Diminished seventh

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diminished seventh
Inverse augmented second
Other names -
Abbreviation d7[1]
Semitones 9
Interval class 3
Just interval 128:75[2] or 216:125[3]
Equal temperament 900
24 equal temperament 900
Just intonation 925 or 947
Diminished seventh About this sound Play .

In classical music from Western culture, a diminished seventh (About this sound play ) is an interval produced by narrowing a minor seventh by a chromatic semitone.[1][4] For instance, the interval from A to G is a minor seventh, ten semitones wide, and both the intervals from A to G, and from A to G are diminished sevenths, spanning nine semitones. Being diminished, it is considered a dissonant interval.[5]

The diminished seventh is enharmonically equivalent to a major sixth. Its inversion is the augmented second.

The diminished seventh is used quite readily in the minor key, where it is present in the harmonic minor scale between the seventh scale step and the sixth scale step in the octave above.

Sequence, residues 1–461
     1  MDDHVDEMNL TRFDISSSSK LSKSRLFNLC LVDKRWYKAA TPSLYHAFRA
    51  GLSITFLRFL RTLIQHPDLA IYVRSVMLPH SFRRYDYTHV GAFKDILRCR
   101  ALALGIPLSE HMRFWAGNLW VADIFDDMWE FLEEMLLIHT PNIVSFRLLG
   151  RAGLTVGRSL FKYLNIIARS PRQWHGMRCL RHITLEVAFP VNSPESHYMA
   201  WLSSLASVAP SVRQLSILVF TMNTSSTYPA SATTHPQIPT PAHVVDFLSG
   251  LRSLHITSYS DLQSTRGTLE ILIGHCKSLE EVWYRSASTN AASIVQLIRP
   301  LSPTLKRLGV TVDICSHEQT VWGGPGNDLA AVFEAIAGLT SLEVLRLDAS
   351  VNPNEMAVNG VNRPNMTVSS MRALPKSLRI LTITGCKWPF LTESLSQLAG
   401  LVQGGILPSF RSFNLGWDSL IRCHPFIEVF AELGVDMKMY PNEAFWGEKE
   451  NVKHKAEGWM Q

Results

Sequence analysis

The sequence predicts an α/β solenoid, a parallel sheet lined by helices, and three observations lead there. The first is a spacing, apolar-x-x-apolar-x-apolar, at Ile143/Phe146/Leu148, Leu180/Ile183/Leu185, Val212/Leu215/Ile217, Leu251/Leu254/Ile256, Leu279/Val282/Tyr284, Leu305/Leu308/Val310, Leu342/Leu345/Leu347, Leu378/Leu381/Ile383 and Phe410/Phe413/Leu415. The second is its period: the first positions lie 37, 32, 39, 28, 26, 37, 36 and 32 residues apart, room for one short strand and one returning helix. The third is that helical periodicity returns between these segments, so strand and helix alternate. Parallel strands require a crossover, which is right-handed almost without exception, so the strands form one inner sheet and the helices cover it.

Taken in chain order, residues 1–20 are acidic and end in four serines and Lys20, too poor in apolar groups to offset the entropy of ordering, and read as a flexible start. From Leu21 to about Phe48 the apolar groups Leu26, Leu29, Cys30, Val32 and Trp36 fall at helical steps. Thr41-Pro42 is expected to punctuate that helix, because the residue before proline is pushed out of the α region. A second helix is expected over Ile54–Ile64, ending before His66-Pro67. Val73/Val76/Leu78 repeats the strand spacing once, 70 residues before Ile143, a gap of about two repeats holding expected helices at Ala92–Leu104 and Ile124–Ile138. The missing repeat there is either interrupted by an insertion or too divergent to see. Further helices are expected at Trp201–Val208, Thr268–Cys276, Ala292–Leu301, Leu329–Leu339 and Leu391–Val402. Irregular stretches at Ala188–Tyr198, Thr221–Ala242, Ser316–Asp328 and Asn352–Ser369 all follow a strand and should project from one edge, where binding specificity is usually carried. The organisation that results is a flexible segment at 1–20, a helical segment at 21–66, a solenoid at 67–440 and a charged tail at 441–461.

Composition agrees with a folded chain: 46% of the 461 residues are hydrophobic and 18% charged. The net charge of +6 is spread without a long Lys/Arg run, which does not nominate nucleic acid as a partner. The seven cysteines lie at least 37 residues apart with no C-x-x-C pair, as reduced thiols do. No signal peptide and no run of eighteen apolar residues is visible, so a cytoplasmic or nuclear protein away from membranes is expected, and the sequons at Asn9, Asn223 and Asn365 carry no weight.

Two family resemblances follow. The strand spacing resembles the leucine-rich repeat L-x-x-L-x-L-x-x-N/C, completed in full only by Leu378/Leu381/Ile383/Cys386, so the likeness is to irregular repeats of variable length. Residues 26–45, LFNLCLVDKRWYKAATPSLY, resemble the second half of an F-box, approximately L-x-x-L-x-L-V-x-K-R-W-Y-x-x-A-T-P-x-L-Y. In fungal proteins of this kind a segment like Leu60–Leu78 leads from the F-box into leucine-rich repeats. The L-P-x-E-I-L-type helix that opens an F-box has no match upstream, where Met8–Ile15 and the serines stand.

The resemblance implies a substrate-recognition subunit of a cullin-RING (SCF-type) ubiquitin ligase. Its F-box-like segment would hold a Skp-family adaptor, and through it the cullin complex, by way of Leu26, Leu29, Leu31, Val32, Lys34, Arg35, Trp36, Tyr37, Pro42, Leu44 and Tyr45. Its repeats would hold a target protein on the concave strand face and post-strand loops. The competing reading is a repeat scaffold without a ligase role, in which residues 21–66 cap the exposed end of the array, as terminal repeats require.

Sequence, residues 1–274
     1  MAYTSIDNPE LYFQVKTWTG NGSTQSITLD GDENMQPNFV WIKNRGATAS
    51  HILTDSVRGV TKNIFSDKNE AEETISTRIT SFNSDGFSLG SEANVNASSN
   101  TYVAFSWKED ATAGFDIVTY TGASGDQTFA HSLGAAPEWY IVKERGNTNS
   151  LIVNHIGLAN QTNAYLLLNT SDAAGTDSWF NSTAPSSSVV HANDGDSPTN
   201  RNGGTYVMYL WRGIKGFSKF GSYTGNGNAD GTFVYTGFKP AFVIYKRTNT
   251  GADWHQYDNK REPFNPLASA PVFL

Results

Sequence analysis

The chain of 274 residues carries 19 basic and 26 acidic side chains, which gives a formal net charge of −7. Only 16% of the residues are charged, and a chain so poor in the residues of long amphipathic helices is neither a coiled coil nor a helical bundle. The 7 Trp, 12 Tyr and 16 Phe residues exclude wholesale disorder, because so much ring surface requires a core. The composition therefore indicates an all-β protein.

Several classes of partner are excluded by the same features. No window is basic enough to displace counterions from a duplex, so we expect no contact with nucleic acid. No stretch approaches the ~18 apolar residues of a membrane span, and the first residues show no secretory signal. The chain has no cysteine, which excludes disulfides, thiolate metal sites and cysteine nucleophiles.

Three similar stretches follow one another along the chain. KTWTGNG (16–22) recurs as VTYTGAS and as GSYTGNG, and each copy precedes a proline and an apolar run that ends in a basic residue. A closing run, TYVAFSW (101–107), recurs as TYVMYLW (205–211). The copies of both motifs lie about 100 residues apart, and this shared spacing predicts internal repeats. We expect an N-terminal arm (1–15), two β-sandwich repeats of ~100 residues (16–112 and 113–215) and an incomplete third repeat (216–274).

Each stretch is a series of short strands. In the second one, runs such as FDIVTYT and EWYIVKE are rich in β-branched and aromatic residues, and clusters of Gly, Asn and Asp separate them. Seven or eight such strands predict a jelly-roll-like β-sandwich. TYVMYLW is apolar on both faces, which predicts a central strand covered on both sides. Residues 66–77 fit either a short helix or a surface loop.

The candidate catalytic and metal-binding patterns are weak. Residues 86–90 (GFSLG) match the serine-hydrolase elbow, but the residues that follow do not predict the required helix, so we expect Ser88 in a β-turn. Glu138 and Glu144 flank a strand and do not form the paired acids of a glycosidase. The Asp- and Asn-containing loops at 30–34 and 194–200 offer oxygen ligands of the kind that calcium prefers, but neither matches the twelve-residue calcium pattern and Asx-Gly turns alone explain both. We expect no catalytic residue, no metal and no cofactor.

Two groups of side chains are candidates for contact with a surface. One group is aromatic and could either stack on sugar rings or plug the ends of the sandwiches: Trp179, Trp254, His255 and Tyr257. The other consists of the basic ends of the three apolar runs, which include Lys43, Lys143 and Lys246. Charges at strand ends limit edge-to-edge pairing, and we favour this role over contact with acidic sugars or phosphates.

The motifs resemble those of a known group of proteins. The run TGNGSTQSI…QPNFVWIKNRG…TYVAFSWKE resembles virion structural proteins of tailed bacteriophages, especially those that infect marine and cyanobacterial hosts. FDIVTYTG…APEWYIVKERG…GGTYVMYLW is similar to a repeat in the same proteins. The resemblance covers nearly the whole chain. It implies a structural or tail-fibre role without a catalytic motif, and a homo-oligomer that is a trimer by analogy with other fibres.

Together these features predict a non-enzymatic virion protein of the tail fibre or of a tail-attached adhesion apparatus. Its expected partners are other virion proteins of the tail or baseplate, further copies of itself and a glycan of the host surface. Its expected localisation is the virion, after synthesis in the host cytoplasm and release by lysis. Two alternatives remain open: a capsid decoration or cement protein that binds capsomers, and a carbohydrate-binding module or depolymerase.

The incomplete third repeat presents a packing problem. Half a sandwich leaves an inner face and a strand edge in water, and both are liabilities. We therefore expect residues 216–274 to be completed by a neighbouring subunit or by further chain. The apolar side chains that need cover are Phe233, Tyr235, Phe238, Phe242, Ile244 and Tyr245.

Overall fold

In an equal tempered tuning, a diminished seventh is equal to nine semitones, a ratio of 29/12:1 (approximately 1.682), or 900 cents. There is no standard just tuning of this interval, but one possibility, assuming the flat submediant is a perfect (5:4) major third below the octave, and the leading tone to be 15:16, would lead to an interval of 128:75, about 925 cents; another interval is 216:125, which is three minor thirds.

The 128:75 just diminished seventh arises in the C harmonic minor scale between B and A by combining B-D, D|F, F-A.[6] About this sound Play 

See also[edit]


  1. ^ a b Benward & Saker (2003). Music: In Theory and Practice, Vol. I, p.54. ISBN 978-0-07-294262-0. Specific example of an d7 not given but general example of minor intervals described.
  2. ^ Haluska, Jan (2003). The Mathematical Theory of Tone Systems, p.xxvi. ISBN 0-8247-4714-3. Diminished seventh.
  3. ^ Haluska (2003), p.xxvi. Acute diminished seventh.
  4. ^ Hoffmann, F.A. (1881). Music: Its Theory & Practice, p.89-90. Thurgate & Sons. Digitized Aug 16, 2007.
  5. ^ Benward & Saker (2003), p.92.
  6. ^ Paul, Oscar (1885). A manual of harmony for use in music-schools and seminaries and for self-instruction, p.165. Theodore Baker, trans. G. Schirmer.